Mark C. Taylor University of Chicago Press, 2007 Library of Congress BL51.T3944 2007 | Dewey Decimal 200.903
Religion, Mark C. Taylor argues in After God, is more complicated than either its defenders or critics think and, indeed, is much more influential than any of us realize. Our world, Taylor maintains, is shaped by religion even when it is least obvious. Faith and value, he insists, are unavoidable and inextricably interrelated for believers and nonbelievers alike.
The first comprehensive theology of culture since the pioneering work of Paul Tillich, After God redefines religion for our contemporary age. This volumeis a radical reconceptualization of religion and Taylor’s most pathbreaking work yet, bringing together various strands of theological argument and cultural analysis four decades in the making.
Praise for Mark C. Taylor
“The distinguishing feature of Taylor’s career is a fearless, or perhaps reckless, orientation to the new and to whatever challenges orthodoxy. . . . Taylor’s work is playful, perverse, rarefied, ingenious, and often brilliant.”—New York Times Magazine
Amid the religious tumult of the sixteenth and seventeenth centuries, English scholars, preachers, and dramatists examined, debated, and refashioned tales concerning Pope Joan, a ninth-century woman who, as legend has it, cross-dressed her way to the papacy only to have her imposture exposed when she gave birth during a solemn procession.
The legend concerning a popess had first taken written form in the thirteenth century and for several hundred years was more or less accepted. The Reformation, however, polarized discussions of the legend, pitting Catholics, who denied the story’s veracity, against Protestants, who suspected a cover-up and instantly cited Joan as evidence of papal depravity. In this heated environment, writers reimagined Joan variously as a sorceress, a hermaphrodite, and even a noteworthy author.
The Afterlife of Pope Joan examines sixteenth- and seventeenth-century debates concerning the popess’s existence, uncovering the disputants’ historiographic methods, rules of evidence, rhetorical devices, and assumptions concerning what is probable and possible for women and transvestites. Author Craig Rustici then investigates the cultural significance of a series of notions advanced in those debates: the claim that Queen Elizabeth I was a popess in her own right, the charge that Joan penned a book of sorcery, and the curious hypothesis that the popess was not a disguised woman at all but rather a man who experienced a sort of spontaneous sex change.
The Afterlife of Pope Joan draws upon the discourses of religion, politics, natural philosophy, and imaginative literature, demonstrating how the popess functioned as a powerful rhetorical instrument and revealing anxieties and ambivalences about gender roles that persist even today.
Craig M. Rustici is Associate Professor of English at Hofstra University.
Focusing on cemetery burials in late-eighteenth-century Mexico, Alone Before God provides a window onto the contested origins of modernity in Mexico. By investigating the religious and political debates surrounding the initiative to transfer the burials of prominent citizens from urban to suburban cemeteries, Pamela Voekel challenges the characterization of Catholicism in Mexico as an intractable and monolithic institution that had to be forcibly dragged into the modern world. Drawing on the archival research of wills, public documents, and other texts from late-colonial and early-republican Mexico, Voekel describes the marked scaling-down of the pomp and display that had characterized baroque Catholic burials and the various devices through which citizens sought to safeguard their souls in the afterlife. In lieu of these baroque practices, the new enlightened Catholics, claims Voekel, expressed a spiritually and hygienically motivated preference for extremely simple burial ceremonies, for burial outside the confines of the church building, and for leaving their earthly goods to charity. Claiming that these changes mirrored a larger shift from an external, corporate Catholicism to a more interior piety, she demonstrates how this new form of Catholicism helped to initiate a cultural and epistemic shift that placed the individual at the center of knowledge. Breaking with the traditional historiography to argue that Mexican liberalism had deeply religious roots, Alone Before God will be of interest to specialists in Latin American history, modernity, and religion.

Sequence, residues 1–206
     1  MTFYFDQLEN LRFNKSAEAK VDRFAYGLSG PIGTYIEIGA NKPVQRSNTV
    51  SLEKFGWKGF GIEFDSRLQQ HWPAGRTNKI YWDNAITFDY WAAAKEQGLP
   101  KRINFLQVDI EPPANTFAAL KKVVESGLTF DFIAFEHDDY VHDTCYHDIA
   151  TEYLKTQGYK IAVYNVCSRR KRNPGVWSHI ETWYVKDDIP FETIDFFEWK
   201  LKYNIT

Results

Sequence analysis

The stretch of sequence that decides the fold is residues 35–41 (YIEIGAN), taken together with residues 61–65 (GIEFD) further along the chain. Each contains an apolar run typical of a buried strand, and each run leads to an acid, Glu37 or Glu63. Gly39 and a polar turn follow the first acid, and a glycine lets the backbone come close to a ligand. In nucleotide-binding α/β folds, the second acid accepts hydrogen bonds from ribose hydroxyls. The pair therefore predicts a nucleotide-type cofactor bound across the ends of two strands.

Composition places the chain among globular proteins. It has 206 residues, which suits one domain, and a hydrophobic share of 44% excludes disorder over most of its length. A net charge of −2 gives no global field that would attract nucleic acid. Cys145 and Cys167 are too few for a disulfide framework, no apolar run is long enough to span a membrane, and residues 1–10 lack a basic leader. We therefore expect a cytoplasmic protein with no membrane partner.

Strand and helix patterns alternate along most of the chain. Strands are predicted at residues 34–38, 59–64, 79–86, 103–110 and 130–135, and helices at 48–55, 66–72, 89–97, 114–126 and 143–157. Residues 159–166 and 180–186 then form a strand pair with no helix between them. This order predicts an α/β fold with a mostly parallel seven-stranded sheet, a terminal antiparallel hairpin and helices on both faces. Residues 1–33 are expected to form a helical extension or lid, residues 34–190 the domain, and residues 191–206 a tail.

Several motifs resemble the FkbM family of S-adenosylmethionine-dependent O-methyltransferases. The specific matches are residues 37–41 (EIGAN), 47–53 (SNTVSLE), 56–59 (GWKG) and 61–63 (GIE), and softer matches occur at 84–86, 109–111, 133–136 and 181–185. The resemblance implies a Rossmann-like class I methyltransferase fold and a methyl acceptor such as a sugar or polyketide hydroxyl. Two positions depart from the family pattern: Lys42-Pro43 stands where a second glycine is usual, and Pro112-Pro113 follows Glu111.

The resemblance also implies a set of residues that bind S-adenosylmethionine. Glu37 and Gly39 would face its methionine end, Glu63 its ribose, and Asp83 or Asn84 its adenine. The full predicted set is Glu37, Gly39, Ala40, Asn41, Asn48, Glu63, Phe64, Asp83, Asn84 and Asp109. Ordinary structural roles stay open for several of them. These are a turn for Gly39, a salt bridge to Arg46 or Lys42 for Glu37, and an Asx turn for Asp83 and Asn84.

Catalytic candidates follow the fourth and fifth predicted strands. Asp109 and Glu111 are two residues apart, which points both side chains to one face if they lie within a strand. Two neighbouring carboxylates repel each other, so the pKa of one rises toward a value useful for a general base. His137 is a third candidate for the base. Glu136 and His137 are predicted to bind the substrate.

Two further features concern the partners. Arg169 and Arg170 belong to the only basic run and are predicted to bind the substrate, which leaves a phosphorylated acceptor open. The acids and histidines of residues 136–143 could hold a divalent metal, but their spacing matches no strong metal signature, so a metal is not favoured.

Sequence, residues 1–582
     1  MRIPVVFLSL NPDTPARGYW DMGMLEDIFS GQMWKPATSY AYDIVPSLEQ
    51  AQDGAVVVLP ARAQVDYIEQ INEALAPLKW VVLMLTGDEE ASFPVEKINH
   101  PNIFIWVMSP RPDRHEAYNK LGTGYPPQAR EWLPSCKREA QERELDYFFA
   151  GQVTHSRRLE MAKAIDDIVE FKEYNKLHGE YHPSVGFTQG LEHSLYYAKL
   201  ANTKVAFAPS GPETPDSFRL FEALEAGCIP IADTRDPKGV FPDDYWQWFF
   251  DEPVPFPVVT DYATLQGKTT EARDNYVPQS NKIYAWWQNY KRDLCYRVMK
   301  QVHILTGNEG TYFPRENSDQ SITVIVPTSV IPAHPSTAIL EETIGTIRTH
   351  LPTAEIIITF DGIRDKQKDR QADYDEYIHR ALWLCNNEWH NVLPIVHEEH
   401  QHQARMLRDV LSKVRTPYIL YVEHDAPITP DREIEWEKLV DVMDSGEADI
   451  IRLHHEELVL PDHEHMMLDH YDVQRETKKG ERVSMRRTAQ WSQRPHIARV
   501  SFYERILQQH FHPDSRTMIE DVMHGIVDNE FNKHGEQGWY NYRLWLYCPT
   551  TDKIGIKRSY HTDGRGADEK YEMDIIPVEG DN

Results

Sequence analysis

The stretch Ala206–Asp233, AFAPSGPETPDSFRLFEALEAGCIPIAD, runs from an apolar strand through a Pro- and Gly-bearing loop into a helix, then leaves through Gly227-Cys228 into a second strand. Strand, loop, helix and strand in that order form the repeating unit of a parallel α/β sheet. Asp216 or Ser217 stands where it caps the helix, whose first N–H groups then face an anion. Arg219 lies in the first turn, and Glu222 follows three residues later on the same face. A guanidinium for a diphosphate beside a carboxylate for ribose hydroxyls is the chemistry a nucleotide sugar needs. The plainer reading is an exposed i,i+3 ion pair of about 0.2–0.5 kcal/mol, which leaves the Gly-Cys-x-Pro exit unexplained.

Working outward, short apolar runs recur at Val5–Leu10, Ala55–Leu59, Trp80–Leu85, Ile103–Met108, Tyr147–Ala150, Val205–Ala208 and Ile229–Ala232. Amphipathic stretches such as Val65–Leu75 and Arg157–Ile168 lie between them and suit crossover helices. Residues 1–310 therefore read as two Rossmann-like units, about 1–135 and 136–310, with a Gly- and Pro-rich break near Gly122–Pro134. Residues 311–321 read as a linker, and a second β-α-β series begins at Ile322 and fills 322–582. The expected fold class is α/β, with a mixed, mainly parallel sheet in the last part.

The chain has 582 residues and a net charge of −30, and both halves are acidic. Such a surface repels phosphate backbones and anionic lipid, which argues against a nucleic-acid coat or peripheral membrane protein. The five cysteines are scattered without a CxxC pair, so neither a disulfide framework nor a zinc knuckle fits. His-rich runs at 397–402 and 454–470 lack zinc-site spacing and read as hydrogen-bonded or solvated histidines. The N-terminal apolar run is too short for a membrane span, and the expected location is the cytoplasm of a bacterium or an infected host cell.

Ambivalent Alliance convincingly defends several provocative insights into a key period in the history of French Catholicism. It investigates the strange marriage of convenience, from 1899 to 1939, between the French church and the ultra-rightist, chauvinist, monarchist, and anti-Semitic organization called the Acton Française, and raises many disturbing questions. Why did an increasingly international church find a narrowly patriotic group so appealing? How could it endorse a movement founded by an agnostic whose philosophy sanctioned violence and the persecution of Jews and othe “undesirables”?
The twentieth-century French church was still feeling the shock waves of the French Revolution, assaulted from without and torn from within regarding its role in politics. Challenging the views of prominent historians of the period, Arnal shows that between 1899 and 1939 Catholic leaders pursued a consistent strategy of political and social conservatism. Whereas many regarded the church's flirtations with social democracy and its occasional attempts to rally French Catholics behind constitutional politics as proof of its progressive character, Arnal sees a fundamentally reactionary continuity in church leadership. Pius XI did not condemn the Acton Française for its fascist ideology; he feared independence among Catholics more than the radical right.
Arnal's wide-ranging study brings a controversial new interpretation to the political and ecclesiastical history of the twentieth-century.
Matthew Avery Sutton Harvard University Press, 2014 Library of Congress BR1640.S88 2014 | Dewey Decimal 277.3082
In the first comprehensive history of American evangelicalism to appear in a generation, Matthew Sutton shows how charismatic Protestant preachers, anticipating the end of the world, paradoxically transformed it. Narrating the story from the perspective of the faithful, he shows how apocalyptic thinking influences the American mainstream today.
This work brings various important topics and groups in American religious history the rigor of scholarly assessment of the current literature. The fruitful questions that are posed by the positions and experiences of the various groups are carefully examined. American Denominational History points the way for the next decade of scholarly effort.
The dream of restoring primitive Christianity lies close to the core of the identity of some American denominations---Churches of Christ, Latter-day Saints, some Mennonites, and a variety of Holiness and Pentecostal denominations. But how can a return to ancient Christianity be sustained in a world increasingly driven by modernization? What meaning might such a vision have in the modern world? Twelve distinguished scholars explore these and related questions in this provocative book.